When it comes to roasting an expensive leg of lamb I tend to be quite stuck in my ways. The recipe I love and always turn to is Jamie Oliver’s four-hour shoulder of lamb from his book ‘Jamie At Home’, and it’s perfect in its simplicity. Other than the delicious flavour of rosemary and garlic, which is excellent with lamb, it’s the method that I am particularly fond of. Whether you roast a shoulder or a leg, the outcome is the most succulent fall-off the bone meat imaginable. It also requires so little effort it literally cooks itself.
This is Easter I decided to cook a stunning leg of Karoo lamb that I had in freezer and I also decided for the first time ever to tweak the recipe slightly. I added lemon and a light layer of harissa paste to the lamb along with the rosemary and garlic. I also kept the temperature at its hottest for 5 minutes before turning it down. Jamie turns it down immediately after putting the lamb in. I had a large joint and I wanted to ensure it was well sealed.
To add to my Easter feast I made my cauliflower ‘couscous’ to which I added a smattering of chilli, finely chopped coriander and preserved lemon. I roasted halved fingerling new potatoes with thyme until golden and crispy.
I char grilled wedges of aubergine before finishing them off in the oven at 200C for a quick roast, and grilled slices of zucchini for the salad.
The inspiration for the salad I made with a delicious wedge Brie cheese comes from Camilla Comins from the Restaurant at Overgaauw. We had it at our last lunch there. She made her fabulous version with roasted aubergine and Brie on a bed of mixed leaves – which sadly aren’t available to purchase retail. I loved the combination. I added cherry and rosa tomatoes and mixed leaves with basil and served it with my favourite vinaigrette.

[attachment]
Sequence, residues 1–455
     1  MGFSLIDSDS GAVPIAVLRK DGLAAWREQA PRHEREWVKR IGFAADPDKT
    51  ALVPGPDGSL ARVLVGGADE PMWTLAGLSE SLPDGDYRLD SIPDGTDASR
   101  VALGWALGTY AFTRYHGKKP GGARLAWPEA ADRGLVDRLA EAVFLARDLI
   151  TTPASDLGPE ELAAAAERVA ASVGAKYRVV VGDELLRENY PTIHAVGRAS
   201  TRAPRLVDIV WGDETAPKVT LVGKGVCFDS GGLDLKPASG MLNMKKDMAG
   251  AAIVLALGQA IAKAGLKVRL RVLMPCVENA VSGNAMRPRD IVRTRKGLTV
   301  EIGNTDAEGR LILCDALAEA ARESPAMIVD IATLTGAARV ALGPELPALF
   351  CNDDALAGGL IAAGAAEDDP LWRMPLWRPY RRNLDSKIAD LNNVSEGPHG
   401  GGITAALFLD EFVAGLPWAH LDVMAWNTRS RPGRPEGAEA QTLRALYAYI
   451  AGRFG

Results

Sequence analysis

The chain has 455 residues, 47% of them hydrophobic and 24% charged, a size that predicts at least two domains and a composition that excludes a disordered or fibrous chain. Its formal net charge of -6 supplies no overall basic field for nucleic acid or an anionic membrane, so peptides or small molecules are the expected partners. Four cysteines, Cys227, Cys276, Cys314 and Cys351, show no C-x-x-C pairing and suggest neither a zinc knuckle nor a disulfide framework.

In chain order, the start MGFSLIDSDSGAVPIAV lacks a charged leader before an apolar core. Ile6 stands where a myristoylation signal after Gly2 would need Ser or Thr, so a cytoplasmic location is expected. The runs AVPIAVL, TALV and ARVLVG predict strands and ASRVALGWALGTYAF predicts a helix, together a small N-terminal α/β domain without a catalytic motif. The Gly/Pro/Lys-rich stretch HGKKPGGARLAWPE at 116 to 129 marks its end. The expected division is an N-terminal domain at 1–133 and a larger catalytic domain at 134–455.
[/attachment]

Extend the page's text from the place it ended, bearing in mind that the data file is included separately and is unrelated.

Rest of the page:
Overgaauw is also the lovely venue where Russel Wasserfall and I host our food photography and styling workshops and we are planning our next one on the week end of 12 / 13 July. You can take a look at what our first course was all about here. We hosted our last one – and our second one at the restaurant at Overgaauw – at the end of March.
Email me at slinsell (@) gmail (dot) com for full information or if you would like to attend. Classes are limited to keep it very hands on.
I can hardly believe Easter has been and gone and I do hope you had a good one if you take a break. I also can’t believe I’m making plans for the middle of the year. My next two months are going to be crazy busy, but I am still hoping to keep the recipes flowing here.
- 1 leg of lamb – 2 – 2.5kg
- 2T harissa paste
- Olive oil
- Handful of rosemary stalks
- 2 whole heads of garlic
- 2 lemons cut in half
- Salt and pepper
- Pre heat the oven to the highest it will go.
- Prepare the lamb by slashing through any fat if there is, but not penetrating the meat. Smear the harissa paste over the meat and season with salt and pepper. Cut a head of garlic in half sideways and place at the bottom of a large oven dish with sides along with half the rosemary and one of the cut lemons. Place the joint on top of this, which forms a flavour bed on which the meat roasts. Break the cloves of the other head of garlic and scatter these around and on top of the meat along with the rest of the rosemary.
- Drizzle olive oil over the top.
- Tightly seal the whole tray with heavy-duty aluminum foil ensuring it is tightly sealed.
- Place in the hot oven and leave for 5 minutes and then reduce the temperature to 170C and leave it to roast for 4 hours. Do not open and check the meat. Just leave it.
- After 4 hours remove and let the meat rest, covered for about 20 minutes be fore carving and serving. It literally falls off the bone.
- If you wanted to make gravy, remove the meat and skim off any fat. Heat the pan juices with some lamb stock allowing it to thicken slightly, and then pour over meat.
**PS ~ Im adding this in after the fact because a friend made this lamb last night at a dinner party I attended and the lemons imparted a very bitter note to the sauce at the end. I was rather disappointed in this because we loved the lemon flavour in my recipe. I can only think that the lemons were a little under ripe. So a word of caution, use very ripe sweeter lemons. Meyer if you can, or omit them completely.
I look forward to connecting with you again in the future.